12 Oct 2018 20:33 IST

Branding in a digital world: A how-to guide

The first part of this article on digital branding tool-kits deals with old and new ways of brand-building

Impressively, while the revenues of these brands are dwarfed by some of the more enduring businesses of the 20th century, their brand values often surpass the revenues of the 20th century titans, as the Chart (sourced from Forbes magazine) shows.

Apple and Microsoft, though important, are not germane to this discussion, and our focus is on the remaining brands.

Let us look at the Chart from the perspective of legacy brands (Coca Cola, Samsung, Disney, Toyota and AT&T) and the new kids on the block (Google, Amazon and Facebook).

Revenue vis-à-vis brand value

As is apparent from the Chart, the revenues (orange bars) of the legacy brands, excepting Coca Cola, dwarf the revenues of the newcomers. However, the brand values (the blue bars) of the newcomers are substantially higher than that of all the legacy brands.

Many factors have contributed to the valuation of these brands. However, in the context of brand-building, it is striking that the newcomers relied mainly on digital channels to grow their brands, with minimal use of conventional media, and even that sparingly and in later stages of their development. Obviously, these brands are on to something, that legacy brands are missing.

What this is and how they have achieved it can, in large part, be explained by their digital origins and the rise of digital media, some of it spawned by the players themselves. How they achieved their brand valuation is an object lesson on the opportunities for brand building that the digital eco-system offers.

Brand building – a recap

Just as a reminder:

~ A brand is the relationship a manufacturer has with a consumer and is the sum total of the consumers’ experiences, stories, myths and endorsements about the brand. These are built by usage experience, personal interactions (customer service interaction; airline agent behaviour, and so on), hearsay, press reports and advertising, among other things. Mass-media advertising, as we know it is the most visible and accelerated component in building a brand.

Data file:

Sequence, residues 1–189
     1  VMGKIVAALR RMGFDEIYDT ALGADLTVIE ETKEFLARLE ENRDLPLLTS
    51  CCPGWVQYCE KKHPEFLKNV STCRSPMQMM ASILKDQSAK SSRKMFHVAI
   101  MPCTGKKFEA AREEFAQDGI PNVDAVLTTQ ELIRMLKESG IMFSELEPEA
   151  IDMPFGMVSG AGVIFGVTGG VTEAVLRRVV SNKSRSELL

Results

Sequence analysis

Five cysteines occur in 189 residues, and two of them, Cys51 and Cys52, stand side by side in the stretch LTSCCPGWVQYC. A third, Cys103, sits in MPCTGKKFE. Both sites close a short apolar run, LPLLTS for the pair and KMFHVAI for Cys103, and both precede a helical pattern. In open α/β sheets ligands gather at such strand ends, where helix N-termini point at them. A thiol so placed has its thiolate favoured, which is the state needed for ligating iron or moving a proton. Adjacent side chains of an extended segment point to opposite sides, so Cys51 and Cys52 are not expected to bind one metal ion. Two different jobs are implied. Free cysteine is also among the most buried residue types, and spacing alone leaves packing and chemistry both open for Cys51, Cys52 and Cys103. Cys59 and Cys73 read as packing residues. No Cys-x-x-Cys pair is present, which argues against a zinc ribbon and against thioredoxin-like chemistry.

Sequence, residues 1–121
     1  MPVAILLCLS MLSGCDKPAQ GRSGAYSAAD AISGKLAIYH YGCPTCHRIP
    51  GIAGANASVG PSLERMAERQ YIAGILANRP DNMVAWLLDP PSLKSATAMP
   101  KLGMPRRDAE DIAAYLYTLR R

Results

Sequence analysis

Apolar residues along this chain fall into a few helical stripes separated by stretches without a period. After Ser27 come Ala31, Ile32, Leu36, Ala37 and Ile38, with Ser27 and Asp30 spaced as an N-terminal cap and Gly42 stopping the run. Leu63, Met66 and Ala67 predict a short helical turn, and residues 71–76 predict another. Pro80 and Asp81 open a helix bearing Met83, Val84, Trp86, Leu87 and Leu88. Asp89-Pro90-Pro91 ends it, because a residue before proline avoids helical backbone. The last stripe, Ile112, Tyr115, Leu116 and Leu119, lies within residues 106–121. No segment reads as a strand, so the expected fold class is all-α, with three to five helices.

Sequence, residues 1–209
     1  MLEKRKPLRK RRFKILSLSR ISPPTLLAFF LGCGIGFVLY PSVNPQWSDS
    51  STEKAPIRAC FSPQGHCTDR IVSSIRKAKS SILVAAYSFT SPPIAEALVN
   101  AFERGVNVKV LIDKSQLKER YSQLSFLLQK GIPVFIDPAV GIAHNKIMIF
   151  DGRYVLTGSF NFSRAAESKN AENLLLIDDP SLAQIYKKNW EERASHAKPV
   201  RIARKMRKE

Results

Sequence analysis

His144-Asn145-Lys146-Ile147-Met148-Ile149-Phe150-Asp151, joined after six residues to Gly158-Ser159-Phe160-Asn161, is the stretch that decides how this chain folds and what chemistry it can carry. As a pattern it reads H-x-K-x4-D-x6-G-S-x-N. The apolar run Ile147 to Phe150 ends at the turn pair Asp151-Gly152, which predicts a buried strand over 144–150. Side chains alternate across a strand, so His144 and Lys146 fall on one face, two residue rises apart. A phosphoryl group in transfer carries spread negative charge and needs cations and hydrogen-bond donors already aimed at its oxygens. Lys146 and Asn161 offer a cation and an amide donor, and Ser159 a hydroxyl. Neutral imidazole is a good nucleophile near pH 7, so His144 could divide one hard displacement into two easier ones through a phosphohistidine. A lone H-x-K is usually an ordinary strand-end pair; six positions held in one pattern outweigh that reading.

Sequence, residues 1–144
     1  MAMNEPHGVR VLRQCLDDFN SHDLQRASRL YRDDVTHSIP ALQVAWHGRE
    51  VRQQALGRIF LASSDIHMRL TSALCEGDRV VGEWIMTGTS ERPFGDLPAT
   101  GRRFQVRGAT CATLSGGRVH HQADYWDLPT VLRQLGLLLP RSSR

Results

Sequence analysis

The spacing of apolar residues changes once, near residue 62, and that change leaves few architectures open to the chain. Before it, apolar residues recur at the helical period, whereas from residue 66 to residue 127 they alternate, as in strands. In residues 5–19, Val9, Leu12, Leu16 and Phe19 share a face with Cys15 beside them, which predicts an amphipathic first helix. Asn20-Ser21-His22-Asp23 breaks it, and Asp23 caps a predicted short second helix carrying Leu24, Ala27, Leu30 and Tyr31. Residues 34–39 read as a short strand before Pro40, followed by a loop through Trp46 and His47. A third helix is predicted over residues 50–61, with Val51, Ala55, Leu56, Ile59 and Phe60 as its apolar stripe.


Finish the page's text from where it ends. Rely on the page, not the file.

~ Brands fade away not because consumers are fickle, but because actions taken by the manufacturer cause the trust reposed by the consumers to diminish over time. This erosion of trust allows room for disruption.

~ Brands are not built overnight, but through a systematic process of winning the consumers’ confidence.

Consumer purchase of the brand at a profitable price and its continued usage is the enduring result of the brand building process.

Brand building in traditional media

To build brands it helps to start with a model of how consumers learn and establish a relationship with a brand. There are many brand building models. The simplest of them is popularly referred to as AIDA for Awareness, Interest, Desire and Action. Quite simply, the model postulates that adoption of brands by consumers follows a linear process, beginning with Awareness and ending with purchase and use of the brand.

With traditional media, the workhorse of brand building is a television commercial with or without a larger-than-life print advertisement, supplemented by supporting roles from radio and other incremental media. Given its nature, the fulcrum of advertising in traditional media is built around intrusive impact and memorability — both, designed to break through the sea of communications that the consumer is inundated by.

Despite the limitations of the environment, advertising in traditional media played a stellar role in its heyday. However, with increasing competition, more nuanced consumer expectations and the democratisation of information, the role of advertising itself had to evolve. Traditional media is equipped to address these only minimally, while digital media is built around this changing environment, and in some cases has been the engine of this change.

Consider awareness as the building block of brand building. The context for awareness can be many — solving a problem, source from which it can be got, tangible benefits, comparative products, etc. Conventional advertising cannot cater to these multifarious dimensions of consumer awareness.

In the concluding part of this article, we will see how digital players tap into a whole new ecosystem to convey the power of their brands effectively to consumers.